After a night out with local spelunkers in Austin (the live music capital of the USA), we loaded up a four-wheel drive truck and headed off to Mexico for the weekend. It proved straightforward to cross the border and soon we were in the developing world on Good Friday – fiesta time! Lots of atmosphere in the town of Bustamente and without doubt the worst alcoholic drink I’ve ever had in my life. As sun set, we (Andy, myself and two Texan’s - Sean and Becky) returned to the truck and drove off-road up into the limestone mountains.

We spent Saturday shaft-bashing in fractured, flora-covered karst. On Sunday we did a big cave, Pozo de Montemayor. It’s not just what you do though, it's how you do it. Two bolts at the top of the wide, 50m deep entrance shaft, big rub point, then straight down past several more rub points - no rebelays, no deviations, no rope protectors. Oh yeah and on 8mm rope. And that was the entrance pitch. After several more drops we hit the big pitches, 100m and 120m deep. The latter was "done" using the same tactic as the entrance – not something that Petzl bobbins are designed for. Sixty metres down, the floor, roof and sides nowhere in sight, Andy and I both felt THE FEAR: very hot descenders (literally) burning rope; the thought and feeling of falling to our deaths; both trembling hands squeezing the rope in a somewhat desperate attempt to remain in control, as we plunged down and down. Yes, it was scary. But what a cave: large, beautiful and with a fine canyon beyond a dry sump leading deeper into the mountain. We got out to see the moon rise and eat barbequed chicken round a roaring fire. Yassir (yes sir), a grand weekend.

Texas is big. Very big – bigger than Great Britain and Germany combined and to go anywhere you have to drive. The vehicle of choice is the ubiquitous pickup truck but for the next few days (after our eight hour drive back to Austin) Andy and I settled for a hired four-door Corolla and headed west across the plains. Motels, rednecks, many types of cactus, oil fields, gas pumps (filling up for ten bucks). Country music, cruise control, roads with far horizons, Lone Star beer, cowboy hats, bullets in the signposts… A highlight was a $100 meal in the white Buffalo bar followed by a drive through the Chihuahua desert beneath a clear starry sky to the Big Bend National Park. Here we bivvied out in the Chisos mountains, the former stronghold of the Comanche Indians, and woke up to freezing temperatures. The next day we visited an early 20th century fort and ranch. You do really need to drive for miles across barren nothingness to appreciate the sheer remoteness of these locations and a way of life not that far in the past. We then walked down the deep St. Elena canyon before getting a local to row us across the Rio Grande so we could have lunch and beer in Mexico (as you do).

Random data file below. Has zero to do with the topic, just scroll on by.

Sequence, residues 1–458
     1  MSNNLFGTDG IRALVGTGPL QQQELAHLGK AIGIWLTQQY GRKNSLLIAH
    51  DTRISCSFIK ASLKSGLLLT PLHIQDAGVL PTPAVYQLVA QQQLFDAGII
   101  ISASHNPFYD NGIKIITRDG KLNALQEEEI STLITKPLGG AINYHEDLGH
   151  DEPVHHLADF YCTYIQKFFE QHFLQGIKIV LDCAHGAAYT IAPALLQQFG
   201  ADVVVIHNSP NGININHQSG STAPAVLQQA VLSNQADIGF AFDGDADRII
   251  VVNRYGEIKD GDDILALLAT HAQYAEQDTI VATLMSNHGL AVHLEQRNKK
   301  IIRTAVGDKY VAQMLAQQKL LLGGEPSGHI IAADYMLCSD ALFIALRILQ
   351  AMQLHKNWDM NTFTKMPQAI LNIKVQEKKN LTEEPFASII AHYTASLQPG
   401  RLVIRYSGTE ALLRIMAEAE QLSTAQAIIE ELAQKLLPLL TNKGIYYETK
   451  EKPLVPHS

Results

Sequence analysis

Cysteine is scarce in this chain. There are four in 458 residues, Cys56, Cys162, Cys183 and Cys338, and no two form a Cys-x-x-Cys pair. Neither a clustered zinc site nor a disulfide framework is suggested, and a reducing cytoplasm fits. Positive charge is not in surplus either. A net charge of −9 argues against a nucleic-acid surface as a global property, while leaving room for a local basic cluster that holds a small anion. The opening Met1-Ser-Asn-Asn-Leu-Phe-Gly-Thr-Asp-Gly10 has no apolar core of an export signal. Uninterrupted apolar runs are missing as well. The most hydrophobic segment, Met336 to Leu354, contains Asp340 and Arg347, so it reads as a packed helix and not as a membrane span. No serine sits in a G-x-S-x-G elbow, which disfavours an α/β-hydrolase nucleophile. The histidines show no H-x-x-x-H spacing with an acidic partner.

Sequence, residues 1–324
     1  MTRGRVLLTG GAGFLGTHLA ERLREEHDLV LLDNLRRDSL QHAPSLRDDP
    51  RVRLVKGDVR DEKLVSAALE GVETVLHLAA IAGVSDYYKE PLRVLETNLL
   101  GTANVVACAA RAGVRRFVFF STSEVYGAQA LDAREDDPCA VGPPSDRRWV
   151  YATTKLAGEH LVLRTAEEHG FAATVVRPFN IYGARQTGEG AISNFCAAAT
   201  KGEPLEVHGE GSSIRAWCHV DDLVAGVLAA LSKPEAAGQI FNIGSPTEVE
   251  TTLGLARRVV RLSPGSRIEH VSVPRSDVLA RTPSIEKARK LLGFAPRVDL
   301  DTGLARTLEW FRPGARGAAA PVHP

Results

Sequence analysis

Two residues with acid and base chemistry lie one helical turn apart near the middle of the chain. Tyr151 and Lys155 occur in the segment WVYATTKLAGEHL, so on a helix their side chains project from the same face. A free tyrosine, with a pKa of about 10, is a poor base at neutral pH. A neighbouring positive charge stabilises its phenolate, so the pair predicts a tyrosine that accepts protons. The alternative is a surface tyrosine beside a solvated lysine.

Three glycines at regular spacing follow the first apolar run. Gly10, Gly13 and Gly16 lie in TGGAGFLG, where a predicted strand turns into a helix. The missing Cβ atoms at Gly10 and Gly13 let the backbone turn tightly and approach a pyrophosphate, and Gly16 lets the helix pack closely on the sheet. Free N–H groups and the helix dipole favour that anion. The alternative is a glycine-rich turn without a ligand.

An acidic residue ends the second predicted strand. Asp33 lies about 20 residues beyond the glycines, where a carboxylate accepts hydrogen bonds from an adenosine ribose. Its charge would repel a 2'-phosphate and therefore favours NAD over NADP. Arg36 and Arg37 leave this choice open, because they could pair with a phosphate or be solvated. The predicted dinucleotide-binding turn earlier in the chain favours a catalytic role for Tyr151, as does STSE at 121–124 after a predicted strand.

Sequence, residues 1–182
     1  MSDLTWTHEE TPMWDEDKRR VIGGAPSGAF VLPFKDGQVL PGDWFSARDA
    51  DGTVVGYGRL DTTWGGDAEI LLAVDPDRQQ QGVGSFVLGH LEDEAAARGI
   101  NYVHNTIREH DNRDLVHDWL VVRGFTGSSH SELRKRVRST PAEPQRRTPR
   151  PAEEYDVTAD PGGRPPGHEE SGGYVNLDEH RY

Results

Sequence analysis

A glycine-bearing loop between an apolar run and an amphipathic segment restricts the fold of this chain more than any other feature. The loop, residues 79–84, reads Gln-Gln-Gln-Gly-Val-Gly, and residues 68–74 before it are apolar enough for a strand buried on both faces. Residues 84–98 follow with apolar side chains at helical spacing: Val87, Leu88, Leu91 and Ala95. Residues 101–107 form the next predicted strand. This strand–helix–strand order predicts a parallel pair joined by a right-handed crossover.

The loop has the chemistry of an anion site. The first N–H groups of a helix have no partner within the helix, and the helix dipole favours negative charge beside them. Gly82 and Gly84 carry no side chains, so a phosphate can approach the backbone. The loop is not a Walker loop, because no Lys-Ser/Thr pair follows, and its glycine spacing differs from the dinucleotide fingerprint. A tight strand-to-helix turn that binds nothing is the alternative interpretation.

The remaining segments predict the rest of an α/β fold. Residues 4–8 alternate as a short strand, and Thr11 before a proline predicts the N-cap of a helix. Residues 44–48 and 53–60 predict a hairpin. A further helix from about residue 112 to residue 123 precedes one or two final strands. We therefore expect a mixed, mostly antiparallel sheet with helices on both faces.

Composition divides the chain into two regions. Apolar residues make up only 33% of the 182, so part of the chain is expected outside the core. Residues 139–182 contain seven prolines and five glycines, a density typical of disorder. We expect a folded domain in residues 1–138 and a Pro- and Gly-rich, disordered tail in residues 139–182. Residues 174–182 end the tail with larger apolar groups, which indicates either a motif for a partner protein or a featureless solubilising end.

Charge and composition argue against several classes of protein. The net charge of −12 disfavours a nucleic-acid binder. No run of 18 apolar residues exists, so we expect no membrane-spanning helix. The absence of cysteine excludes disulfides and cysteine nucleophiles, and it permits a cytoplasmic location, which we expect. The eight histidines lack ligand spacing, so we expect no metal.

Sonora caverns proved to be a real gem with the most spectacular helictites (as good, some say, as Lechuguilla) and other awesome decorations. We also visited Carlsbad (in New Mexico state and a different time-zone) where, unlike our Mexican jaunt, you walk down to -250m, admire stunning formations, grab a hot dog and take a fifteen second lift back to the surface. After several hours in the gift shop we looked at our watches – it was only five o’clock. So, we thought, why not drive north for several hours to Roswell, the site of the (alleged) U.F.O. crash in 1947?

After a night in a country and western bar and hundreds more miles on the road, we arrived at the Alamo where the Texans made a stand against the Mexicans. Victory or death was their rallying cry, resulting in the latter. We then made a similarly last stand in Austin (the live music capital of the USA) before Andy returned back to London to be greeted by a three-hour strip search on arrival at Gatwick. I, meanwhile, travelled north for a few days into a different landscape: lakes; rivers; green, rolling hills. Naturally I spent some time looking at the local holes. There are certainly caves in Texas and still very good potential (their induction caving trips are often pushing or surveying new stuff).